Car rental ABS issuance is expected to accelerate later this year, driven by the highly anticipated return of Hertz which is expected to soon emerge from bankruptcy and take advantage of increased investor confidence in the sector.
Hertz is expected to emerge from bankruptcy soon and may look to refinance any outstanding ABS as well as a US$4bn funding vehicle that is being used to finance a restocking of its vehicle fleet. Hertz clinched that funding vehicle in November as an interim two-part "delayed draw" securitization, which is supported by Apollo Capital Management.
The company will also likely tap the term ABS market to refinance any portion of the US$1.65bn in debtor-in-possession financing it has used to buy cars and trucks, analysts said.
The absence of Hertz, which along with Avis Budget Group are the only issuers in this ABS sector, slashed car rental ABS issuance to $1.35bn in 2020, down from US$4.1bn the year before, IFR data show.
With volumes expected to soon pick up, market participants are encouraged by the strong investor confidence in the sector, which is being buttressed by record high used car prices.
"The recovery in the rental car space has a lot to do with used car prices. People are selling their used cars for more than what they paid three years ago," said Breckinridge Capital Advisors trader John Bastoni.
Used car prices – which determine the recovery values for lease, fleet and car rental ABS – are hovering at record highs due to blistering demand and a computer chip shortage that has affected new vehicle production.
The widely-followed Manheim used vehicle value index rose to a record high in April to 194.0, which was a 54.3% increase from a year earlier.
Investors are showing interest in the higher yields available in the car rental ABS sector, compared with prime auto loan bonds that makes up the bulk of auto ABS paper.
Avis earlier this month fetched strong demand for the first car rental securitization of the year, the US$800m AESOP 2021-1, which was led by JP Morgan, Bank of America, Credit Agricole and Deutsche Bank.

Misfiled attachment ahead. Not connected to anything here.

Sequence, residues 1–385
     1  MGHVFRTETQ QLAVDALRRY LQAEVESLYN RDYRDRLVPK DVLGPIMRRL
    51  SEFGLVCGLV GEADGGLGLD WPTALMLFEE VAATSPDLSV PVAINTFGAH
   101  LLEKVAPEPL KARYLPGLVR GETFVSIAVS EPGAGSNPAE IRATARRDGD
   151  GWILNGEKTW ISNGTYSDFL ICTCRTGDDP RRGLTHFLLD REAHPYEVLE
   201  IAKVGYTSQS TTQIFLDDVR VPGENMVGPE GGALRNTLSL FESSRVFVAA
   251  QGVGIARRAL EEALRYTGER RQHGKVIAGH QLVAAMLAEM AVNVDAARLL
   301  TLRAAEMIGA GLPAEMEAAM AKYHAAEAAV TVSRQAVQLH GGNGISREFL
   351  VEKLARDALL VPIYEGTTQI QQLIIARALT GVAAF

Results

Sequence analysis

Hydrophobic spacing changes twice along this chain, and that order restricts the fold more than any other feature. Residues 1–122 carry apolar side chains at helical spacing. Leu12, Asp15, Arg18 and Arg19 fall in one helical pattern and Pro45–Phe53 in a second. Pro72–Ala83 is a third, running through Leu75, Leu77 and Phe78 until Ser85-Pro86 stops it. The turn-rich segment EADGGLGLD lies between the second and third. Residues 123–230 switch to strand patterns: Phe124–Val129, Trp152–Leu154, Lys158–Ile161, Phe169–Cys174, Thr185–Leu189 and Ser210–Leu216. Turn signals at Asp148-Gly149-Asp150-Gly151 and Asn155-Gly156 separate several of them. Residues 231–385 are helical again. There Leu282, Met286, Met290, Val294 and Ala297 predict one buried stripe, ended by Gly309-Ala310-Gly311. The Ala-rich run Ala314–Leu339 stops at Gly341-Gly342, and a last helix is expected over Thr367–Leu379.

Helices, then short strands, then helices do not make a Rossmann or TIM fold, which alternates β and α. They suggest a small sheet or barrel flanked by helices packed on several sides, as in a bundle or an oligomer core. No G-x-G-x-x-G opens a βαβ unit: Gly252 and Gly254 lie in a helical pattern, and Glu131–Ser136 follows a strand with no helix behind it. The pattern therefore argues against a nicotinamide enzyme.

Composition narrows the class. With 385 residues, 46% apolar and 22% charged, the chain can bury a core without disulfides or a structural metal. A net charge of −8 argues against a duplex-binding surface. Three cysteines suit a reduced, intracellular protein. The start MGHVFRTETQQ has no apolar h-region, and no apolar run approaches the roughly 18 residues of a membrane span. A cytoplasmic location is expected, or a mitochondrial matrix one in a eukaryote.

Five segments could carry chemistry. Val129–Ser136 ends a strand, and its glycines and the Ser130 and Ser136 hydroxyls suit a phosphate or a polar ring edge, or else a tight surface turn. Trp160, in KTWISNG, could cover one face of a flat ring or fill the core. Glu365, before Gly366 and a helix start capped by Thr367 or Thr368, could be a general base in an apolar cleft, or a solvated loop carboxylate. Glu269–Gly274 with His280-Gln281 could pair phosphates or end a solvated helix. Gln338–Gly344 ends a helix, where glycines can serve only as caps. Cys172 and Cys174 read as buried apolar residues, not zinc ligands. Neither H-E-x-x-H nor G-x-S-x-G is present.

A US$584m Triple A rated "A" tranche which had a weighted-average life of 5.50 years, cleared at a spread of swaps plus 50bps, which was close to an all-time tight for the sector. This was also tighter than the average secondary spreads of 55bp seen for comparable five-year car rental paper, which have contracted by 90bp so far this year, Bank of America data show.
On the other hand, average secondary spread on three-year, Triple A prime auto ABS is trading at just 7bp over swaps, according to BofA data.
"The outsized returns within Hertz and Avis have been already been made, but there is still opportunity to get attractive yields," Clayton Triick, senior portfolio manager at Angel Oak Capital Advisors said.
The strong reception for Avis deal will likely pave the way for Hertz's expected return to the term ABS market, if it clinches financing and exits from its Chapter 11 bankruptcy in June.
"We expect Hertz to refinance the legacy ABS debt after the expiration of its interim ABS agreement at the end of September," Citigroup analysts wrote in a research note in April.
The balance on Hertz's outstanding ABS across 11 deals issued between 2015 to 2019 amortized to US$2.47bn in April from US$6.04bn 10 months earlier, according to Fitch.
Hertz will need financing to rebuild its rental fleet, which it agreed to whittle down to repay ABS investors. Earlier this month, it selected a US$6bn package headed by an investor group led by Knighthead Capital Management, Certares Opportunities and Apollo Capital Management to emerge from bankruptcy.
A re-energized car rental sector will pump up an already robust auto sector as lenders are busy funding a resurgence in vehicle sales following the plunge last year due to the pandemic.
Overall auto issuance has totaled US$53.1bn year-to-date, which is up 27% from the same span in 2020, IFR data show. Citigroup analysts on Thursday now project annual auto ABS supply to hit US$128bn, up 23% from last year's total.